Recruitment in the renewable energy sector: The skills gap challenge

Ashleigh Dibb
Ashleigh Dibb

Published: January 24th, 2023

6 min

The shortage of skilled workers within the UK has far-reaching implications throughout the renewable energy sector. As new technology sees the sector advance, the openings for skilled workers continue to increase, with organisations fearing that failure to source candidates with the necessary skills will see the much-needed progress begin to slow.

Many of our clients are battling the ongoing talent shortage in the UK amid global competition for top talent. Hiring internationally appears to be one of the best ways to deal with the talent shortage locally and there is no doubt that the glaring skills gap within the UK will see more organisations looking globally to source the appropriate candidates.

Whilst overseas recruitment may seem daunting for organisations that are unfamiliar with the process, there are numerous avenues available to be explored. Many roles in the energy sector are suitable for UK sponsorship, with many engineering roles also classed as UK shortage occupations.

Sponsor Licences

The key routes for recruiting overseas nationals to the UK require the UK business to have a sponsor licence. Companies not currently approved to sponsor non-UK workers should now more than ever, consider doing so to enable them to offer employment to candidates when required, without lengthy procedural delays.

A Sponsor licence is a broad authorisation from the UK Home office that grants permission to an organisation to sponsor workers in the business, enabling them to bring skilled workers in from outside the UK. To obtain a sponsor licence a company is required to have no unspent convictions for offences relating to immigration, no history of failing to carry out sponsorship duties and must be offering genuine employment that meets the relevant skill level and rate of pay.

Obtaining a sponsor licence can be challenging, so it is worth reaching out to our specialist immigration team to ensure that all your paperwork is in order and completed on time.

Once a business has secured a sponsor licence, they can source the top candidates in their industry to work in the UK. There are various routes available to do this through, some of which are detailed below.

Skilled Worker Visas:

With a skilled worker visa, a sponsored employee can stay and work in the UK for up to five years before having to renew it or apply for indefinite leave to remain. Aside from a business requiring a sponsor licence, the individual will also need to qualify for a skilled worker visa.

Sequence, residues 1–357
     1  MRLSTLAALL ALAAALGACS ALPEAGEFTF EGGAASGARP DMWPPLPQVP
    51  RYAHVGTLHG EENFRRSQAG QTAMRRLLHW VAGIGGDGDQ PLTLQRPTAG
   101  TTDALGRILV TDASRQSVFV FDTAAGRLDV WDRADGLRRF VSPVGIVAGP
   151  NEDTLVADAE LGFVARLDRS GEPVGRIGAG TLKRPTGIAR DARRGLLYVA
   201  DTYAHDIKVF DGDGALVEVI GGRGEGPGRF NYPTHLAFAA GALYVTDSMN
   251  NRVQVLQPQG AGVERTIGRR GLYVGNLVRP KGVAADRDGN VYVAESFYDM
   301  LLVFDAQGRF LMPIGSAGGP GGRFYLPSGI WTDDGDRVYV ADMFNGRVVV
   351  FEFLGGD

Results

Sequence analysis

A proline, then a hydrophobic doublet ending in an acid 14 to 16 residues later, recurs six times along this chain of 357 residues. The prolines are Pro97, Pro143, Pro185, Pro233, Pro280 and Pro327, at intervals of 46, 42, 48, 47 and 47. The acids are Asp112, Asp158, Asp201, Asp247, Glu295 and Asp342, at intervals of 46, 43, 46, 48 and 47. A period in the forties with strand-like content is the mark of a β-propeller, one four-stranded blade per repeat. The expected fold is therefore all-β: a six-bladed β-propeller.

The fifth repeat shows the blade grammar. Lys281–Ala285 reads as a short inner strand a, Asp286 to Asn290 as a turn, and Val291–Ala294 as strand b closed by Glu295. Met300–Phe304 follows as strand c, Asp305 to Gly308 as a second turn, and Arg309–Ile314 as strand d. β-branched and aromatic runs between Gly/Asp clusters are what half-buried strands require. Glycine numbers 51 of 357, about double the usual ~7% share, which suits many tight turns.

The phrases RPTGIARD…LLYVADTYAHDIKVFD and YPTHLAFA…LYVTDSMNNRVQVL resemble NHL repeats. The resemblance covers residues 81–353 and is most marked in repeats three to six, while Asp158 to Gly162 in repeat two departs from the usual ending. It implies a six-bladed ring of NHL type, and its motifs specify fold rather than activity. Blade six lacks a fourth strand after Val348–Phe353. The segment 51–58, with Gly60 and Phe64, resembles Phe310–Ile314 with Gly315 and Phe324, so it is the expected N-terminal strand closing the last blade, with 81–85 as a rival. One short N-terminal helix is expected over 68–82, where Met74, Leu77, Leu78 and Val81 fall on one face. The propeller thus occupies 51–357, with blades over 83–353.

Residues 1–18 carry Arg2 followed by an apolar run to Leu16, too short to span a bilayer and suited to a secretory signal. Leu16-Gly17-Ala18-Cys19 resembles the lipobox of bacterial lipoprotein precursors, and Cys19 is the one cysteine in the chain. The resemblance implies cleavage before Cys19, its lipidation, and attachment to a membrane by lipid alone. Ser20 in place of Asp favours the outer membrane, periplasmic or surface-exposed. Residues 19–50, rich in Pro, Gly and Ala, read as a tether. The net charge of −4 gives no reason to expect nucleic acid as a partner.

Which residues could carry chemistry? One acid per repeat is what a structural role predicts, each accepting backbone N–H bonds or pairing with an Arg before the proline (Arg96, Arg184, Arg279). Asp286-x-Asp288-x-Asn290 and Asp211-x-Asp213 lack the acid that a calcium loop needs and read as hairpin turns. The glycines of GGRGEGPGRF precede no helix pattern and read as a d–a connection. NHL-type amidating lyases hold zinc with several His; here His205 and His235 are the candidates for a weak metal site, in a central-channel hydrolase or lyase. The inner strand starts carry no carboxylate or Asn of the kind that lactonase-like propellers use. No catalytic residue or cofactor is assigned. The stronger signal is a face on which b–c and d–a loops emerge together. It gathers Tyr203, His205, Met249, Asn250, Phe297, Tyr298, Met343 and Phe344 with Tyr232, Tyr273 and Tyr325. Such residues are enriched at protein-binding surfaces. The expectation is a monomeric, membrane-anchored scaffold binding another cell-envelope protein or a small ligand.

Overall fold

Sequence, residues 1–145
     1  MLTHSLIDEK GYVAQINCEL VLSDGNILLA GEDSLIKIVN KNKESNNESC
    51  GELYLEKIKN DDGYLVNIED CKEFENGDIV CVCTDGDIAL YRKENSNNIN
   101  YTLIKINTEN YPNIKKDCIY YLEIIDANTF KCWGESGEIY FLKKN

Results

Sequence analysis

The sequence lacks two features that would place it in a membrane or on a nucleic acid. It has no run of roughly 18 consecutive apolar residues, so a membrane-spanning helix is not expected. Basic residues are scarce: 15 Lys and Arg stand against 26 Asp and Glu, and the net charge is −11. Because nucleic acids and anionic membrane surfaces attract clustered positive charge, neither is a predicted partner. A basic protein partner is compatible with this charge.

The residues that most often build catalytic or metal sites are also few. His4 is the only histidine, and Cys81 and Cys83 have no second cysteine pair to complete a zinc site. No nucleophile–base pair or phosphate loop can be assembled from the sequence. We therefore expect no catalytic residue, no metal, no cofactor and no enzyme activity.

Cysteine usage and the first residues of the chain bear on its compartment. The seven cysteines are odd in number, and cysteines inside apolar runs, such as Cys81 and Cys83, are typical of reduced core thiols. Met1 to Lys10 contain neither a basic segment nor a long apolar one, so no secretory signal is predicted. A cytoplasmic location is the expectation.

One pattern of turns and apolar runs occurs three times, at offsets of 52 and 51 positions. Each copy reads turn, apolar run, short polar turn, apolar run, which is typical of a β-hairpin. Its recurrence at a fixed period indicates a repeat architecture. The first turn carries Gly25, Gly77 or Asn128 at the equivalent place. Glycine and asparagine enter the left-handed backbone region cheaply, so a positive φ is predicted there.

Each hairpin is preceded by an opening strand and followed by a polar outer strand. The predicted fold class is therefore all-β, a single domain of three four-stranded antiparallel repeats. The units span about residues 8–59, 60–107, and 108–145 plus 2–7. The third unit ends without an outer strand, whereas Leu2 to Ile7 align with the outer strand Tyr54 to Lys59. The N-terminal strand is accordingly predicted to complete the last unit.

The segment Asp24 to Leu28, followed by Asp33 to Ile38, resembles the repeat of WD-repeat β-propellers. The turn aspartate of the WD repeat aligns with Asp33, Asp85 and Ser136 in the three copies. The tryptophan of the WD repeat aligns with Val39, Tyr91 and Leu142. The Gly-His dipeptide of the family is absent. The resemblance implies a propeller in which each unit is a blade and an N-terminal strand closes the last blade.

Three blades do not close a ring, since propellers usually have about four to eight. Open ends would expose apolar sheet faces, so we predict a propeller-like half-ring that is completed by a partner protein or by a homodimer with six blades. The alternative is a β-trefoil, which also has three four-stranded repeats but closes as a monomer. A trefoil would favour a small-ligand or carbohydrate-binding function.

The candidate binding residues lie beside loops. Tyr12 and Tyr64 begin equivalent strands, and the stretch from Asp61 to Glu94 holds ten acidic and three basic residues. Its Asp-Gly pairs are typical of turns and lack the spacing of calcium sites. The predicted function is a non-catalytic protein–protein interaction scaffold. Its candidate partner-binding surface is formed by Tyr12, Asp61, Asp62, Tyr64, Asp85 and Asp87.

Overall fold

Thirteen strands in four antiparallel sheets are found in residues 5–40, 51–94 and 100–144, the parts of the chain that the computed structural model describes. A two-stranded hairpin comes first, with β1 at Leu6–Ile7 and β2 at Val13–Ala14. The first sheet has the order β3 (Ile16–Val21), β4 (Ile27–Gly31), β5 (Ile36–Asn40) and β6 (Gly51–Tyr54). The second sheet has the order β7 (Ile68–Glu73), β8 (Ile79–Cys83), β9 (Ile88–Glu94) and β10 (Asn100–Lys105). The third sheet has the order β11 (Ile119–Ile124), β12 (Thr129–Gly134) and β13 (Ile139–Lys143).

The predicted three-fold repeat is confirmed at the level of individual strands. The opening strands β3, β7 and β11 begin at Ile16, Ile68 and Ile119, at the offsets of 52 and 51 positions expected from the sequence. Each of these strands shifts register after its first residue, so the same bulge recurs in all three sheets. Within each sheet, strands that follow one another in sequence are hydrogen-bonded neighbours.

The mandatory requirements are:

  • A job offer by an approved sponsor

  • The job is at an appropriate skill level

  • Communicate in English at the required level

The skilled worker route can be popular amongst candidates as it offers a direct route to settlement in the UK.

Business Mobility -Secondment visas:

For businesses who operate globally, Secondment visas can be obtained to bring oversees workers to the UK temporarily to work on high value contracts of investments.

To qualify for a Global Business Mobility Visa: Secondment Worker, applicants must satisfy various conditions including:

  • They are currently worker for an overseas business that has a contract with your sponsor worth at least £50 million

  • They have worked outside the UK for that overseas business for a cumulative period of at least 12 months

  • They have a valid Certificate of Sponsorship, issued by the UK sponsor, and

  • The job they are planning to do is genuine and meets the required skill level

Employees entering the UK under the Business Mobility Secondment visa are limited to a maximum stay of six months.

Frontier worker permits:

For businesses who do not hold a sponsor licence or meet the eligibility under the skilled worker route, the frontier worker permit may be an option to explore. The UK Frontier Worker Permits allow European nationals who reside in another country but have a job in the UK to travel to the UK for the purposes of their employment. If an employee was not already working in the UK by 31 December 2020, they will need to apply for an alternative visa rather than a Frontier Worker permit.

The Immigration team at Forbes have advised several clients on the use of frontier worker permits to engage workers in the renewable energy sector to combat the recruitment issues faced. We supported one client with formulating a strategy to enable specialise travel to the UK from Bulgaria to work on large scale solar panel plant construction projects across the UK. For this project, we assisted with the application process from end-to-end for over 70 successful frontier worker applications.

Our specialist Immigration team can offer immigration advice and support to businesses across varies sectors. We can assist you through all aspects of immigration and global mobility including Home office applications for sponsor licences and subsequent visas.

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